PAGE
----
Tracey Buchanan is the owner and operator of Maritime Dog First Aid and Hiking Safety. She also teaches (human) first aid courses for BraveHeart First Aid in Coldbrook. Owning a dog (or two) means getting outside is part of your daily routine. We asked Tracey about how her training courses and hikes help dogs and their people stay safe and healthy while exploring and enjoying trails around the Valley:
The Grapevine: Tell our readers a little about yourself and where you’re from (and a little about your dogs too!):
Tracey Buchanan: I grew up in Baddeck, Cape Breton, and I moved to the Annapolis Valley when I was 16. I married my high school sweetheart and now we have three beautiful children, and three beautiful dogs: Reba, an 11-year-old golden retriever, Bruin, a 7-year-old golden doodle, and Tuukka, a 3 year-old standard poodle. I love to hike and explore, and my dogs love to adventure with me!
GV: What made you decide to start teaching these courses?
TB: I decided to start teaching these courses for a couple of reasons. I hike a lot with my dogs and I meet lots of other hikers with dogs as well. We are out in the woods and I thought it was important for hikers to know how to help their dogs if they get injured, but not only that, dogs are our best friends, and any dog owner should know how to help their dog in an emergency situation. There is no EMS for dogs, so if they get hurt, you are their first responder. You need to know how you can help until you can get them to a veterinarian.
I started the hiking portion of my business because I love to hike, and we live in the most beautiful province with so many places to explore. Being outside is so good for the mind and the body. I’ve met lots of people who want to hike but there are several factors that seem to deter people: they are unfamiliar with the trails, they don’t like to hike alone, they don’t know what equipment they need, or they are unaware of general trail etiquette (especially when hiking with dogs is concerned). Blending the two into one business just happened on its own.
GV:What can participants expect to learn from the course?
TB:Participants who take the canine first aid course will learn a whole wealth of knowledge about their dog’s health and wellness. We discuss CPR, choking, bloat, cuts, burns, medications, poisons, bandaging, splinting, safety, and so much more! They take home a manual as a valuable reference as well as a certificate showing that they are certified in canine first aid.
GV:What’s something about dog safety or first aid that you feel all dog owners should know?
TB:One of the best things that dog owners can do to help their dog (and their veterinarian) is to condition their dog to accept first aid treatments, so that if they are ever in need of this care, they are trusting and will allow their owner to help them. If your dog cuts their paw on the trail and you need to bandage it, you want your dog to cooperate so you can take care of their injury!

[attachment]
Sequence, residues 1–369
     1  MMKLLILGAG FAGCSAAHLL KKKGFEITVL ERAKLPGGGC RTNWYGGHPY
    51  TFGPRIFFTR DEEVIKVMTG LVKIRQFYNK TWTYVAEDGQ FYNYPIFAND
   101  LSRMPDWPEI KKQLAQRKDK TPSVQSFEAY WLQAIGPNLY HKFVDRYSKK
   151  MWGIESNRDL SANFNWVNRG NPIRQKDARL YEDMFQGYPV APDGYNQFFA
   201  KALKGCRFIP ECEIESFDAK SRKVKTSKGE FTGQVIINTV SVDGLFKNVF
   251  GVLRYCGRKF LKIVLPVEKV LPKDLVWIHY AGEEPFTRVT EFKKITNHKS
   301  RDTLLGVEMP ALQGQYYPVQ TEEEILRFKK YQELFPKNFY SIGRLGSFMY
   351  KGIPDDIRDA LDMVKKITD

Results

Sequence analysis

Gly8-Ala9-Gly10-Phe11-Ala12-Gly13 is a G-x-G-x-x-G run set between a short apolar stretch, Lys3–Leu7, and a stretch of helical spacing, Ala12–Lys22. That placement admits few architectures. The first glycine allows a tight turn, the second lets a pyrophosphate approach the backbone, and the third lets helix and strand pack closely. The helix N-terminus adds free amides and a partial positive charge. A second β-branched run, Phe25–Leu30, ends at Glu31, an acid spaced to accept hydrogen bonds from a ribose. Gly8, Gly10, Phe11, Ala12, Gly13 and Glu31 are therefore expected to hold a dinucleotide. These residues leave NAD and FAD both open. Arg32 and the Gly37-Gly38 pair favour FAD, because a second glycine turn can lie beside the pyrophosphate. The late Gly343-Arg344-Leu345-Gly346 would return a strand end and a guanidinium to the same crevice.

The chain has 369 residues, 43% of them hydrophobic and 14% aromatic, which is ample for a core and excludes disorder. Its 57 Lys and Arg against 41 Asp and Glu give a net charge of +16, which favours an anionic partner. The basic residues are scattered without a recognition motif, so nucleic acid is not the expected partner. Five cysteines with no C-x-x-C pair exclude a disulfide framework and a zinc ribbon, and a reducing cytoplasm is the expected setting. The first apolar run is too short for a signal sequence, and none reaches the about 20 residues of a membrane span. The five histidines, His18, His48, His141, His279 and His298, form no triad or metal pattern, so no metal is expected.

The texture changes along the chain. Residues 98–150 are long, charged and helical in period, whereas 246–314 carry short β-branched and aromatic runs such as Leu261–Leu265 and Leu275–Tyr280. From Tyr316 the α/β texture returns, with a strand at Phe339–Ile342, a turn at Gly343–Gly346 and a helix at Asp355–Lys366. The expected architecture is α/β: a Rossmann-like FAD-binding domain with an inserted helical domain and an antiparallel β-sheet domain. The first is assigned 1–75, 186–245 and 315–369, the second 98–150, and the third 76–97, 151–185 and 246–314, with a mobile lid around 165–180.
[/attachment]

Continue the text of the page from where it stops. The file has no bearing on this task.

GV:What do you enjoy most about hiking and enjoying the outdoors with dogs? What are the biggest risks or potential hazards and why?
TB:I love all of the beautiful places that I get to see when I hike. One of the best parts of hiking for me is watching my dogs enjoy the simple pleasure of being outside. Every day, my dogs are so excited to go for a walk and their joy is infectious! The biggest risk of hiking with dogs is not knowing the hazards that you could run into. By knowing the hazards and how to manage them, you are able to protect yourself and your dog. For example, in the Annapolis Valley some of the hazards that I look out for are wood ticks, blue green algae in the summer and fall, and coyote snares and frostbite in the winter!
GV:Tell us about the guided hikes. What kinds of locations or difficulty levels can participants expect? What level of training should dogs have before participating?
TB:I choose to offer guided hikes in locations that people can easily return to and hike on their own. When I offer a guided hike, I include the difficulty level, as there is a range! When dogs participate, they should be used to walking on a leash and being around other dogs.
GV:What are your goals for your business and your plans for the future?
TB:My goal for my business is to prepare dog owners to support their dogs in the event of any first aid situation. While my primary focus for my business is currently rooted in my love for dogs, I have recently partnered with the Municipality of Kings to offer guided hikes for girls, ages 12 to 15. This program, called Hike with Us, seeks to empower girls to feel comfortable and safe accessing public trail systems, while being respectful to nature. This has been a great success, and I hope to continue to offer this type of programming in the future.
GV:Where can participants sign up for courses or hikes?
TB:Participants can sign up for hikes or courses through my website: maritimedogsafety.wixsite.com/home, or through my Facebook page: Maritime Dog First Aid and Hiking Safety. I also post pictures of my daily hikes on my Instagram page: @dogsofbilltown. See you on the trails!
Photo courtesy of Tracey Buchanan.